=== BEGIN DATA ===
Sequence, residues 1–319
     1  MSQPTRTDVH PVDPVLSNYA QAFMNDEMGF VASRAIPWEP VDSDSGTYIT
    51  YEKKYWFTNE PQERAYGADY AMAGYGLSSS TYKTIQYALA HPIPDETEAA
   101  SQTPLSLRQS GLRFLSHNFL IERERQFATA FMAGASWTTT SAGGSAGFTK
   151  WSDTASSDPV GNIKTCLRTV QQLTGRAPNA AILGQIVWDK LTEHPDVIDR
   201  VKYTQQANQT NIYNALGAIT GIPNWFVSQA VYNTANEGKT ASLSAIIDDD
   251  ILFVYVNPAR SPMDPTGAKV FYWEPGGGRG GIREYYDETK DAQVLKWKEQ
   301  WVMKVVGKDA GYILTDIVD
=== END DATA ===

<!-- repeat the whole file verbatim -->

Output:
Sequence, residues 1–319
     1  MSQPTRTDVH PVDPVLSNYA QAFMNDEMGF VASRAIPWEP VDSDSGTYIT
    51  YEKKYWFTNE PQERAYGADY AMAGYGLSSS TYKTIQYALA HPIPDETEAA
   101  SQTPLSLRQS GLRFLSHNFL IERERQFATA FMAGASWTTT SAGGSAGFTK
   151  WSDTASSDPV GNIKTCLRTV QQLTGRAPNA AILGQIVWDK LTEHPDVIDR
   201  VKYTQQANQT NIYNALGAIT GIPNWFVSQA VYNTANEGKT ASLSAIIDDD
   251  ILFVYVNPAR SPMDPTGAKV FYWEPGGGRG GIREYYDETK DAQVLKWKEQ
   301  WVMKVVGKDA GYILTDIVD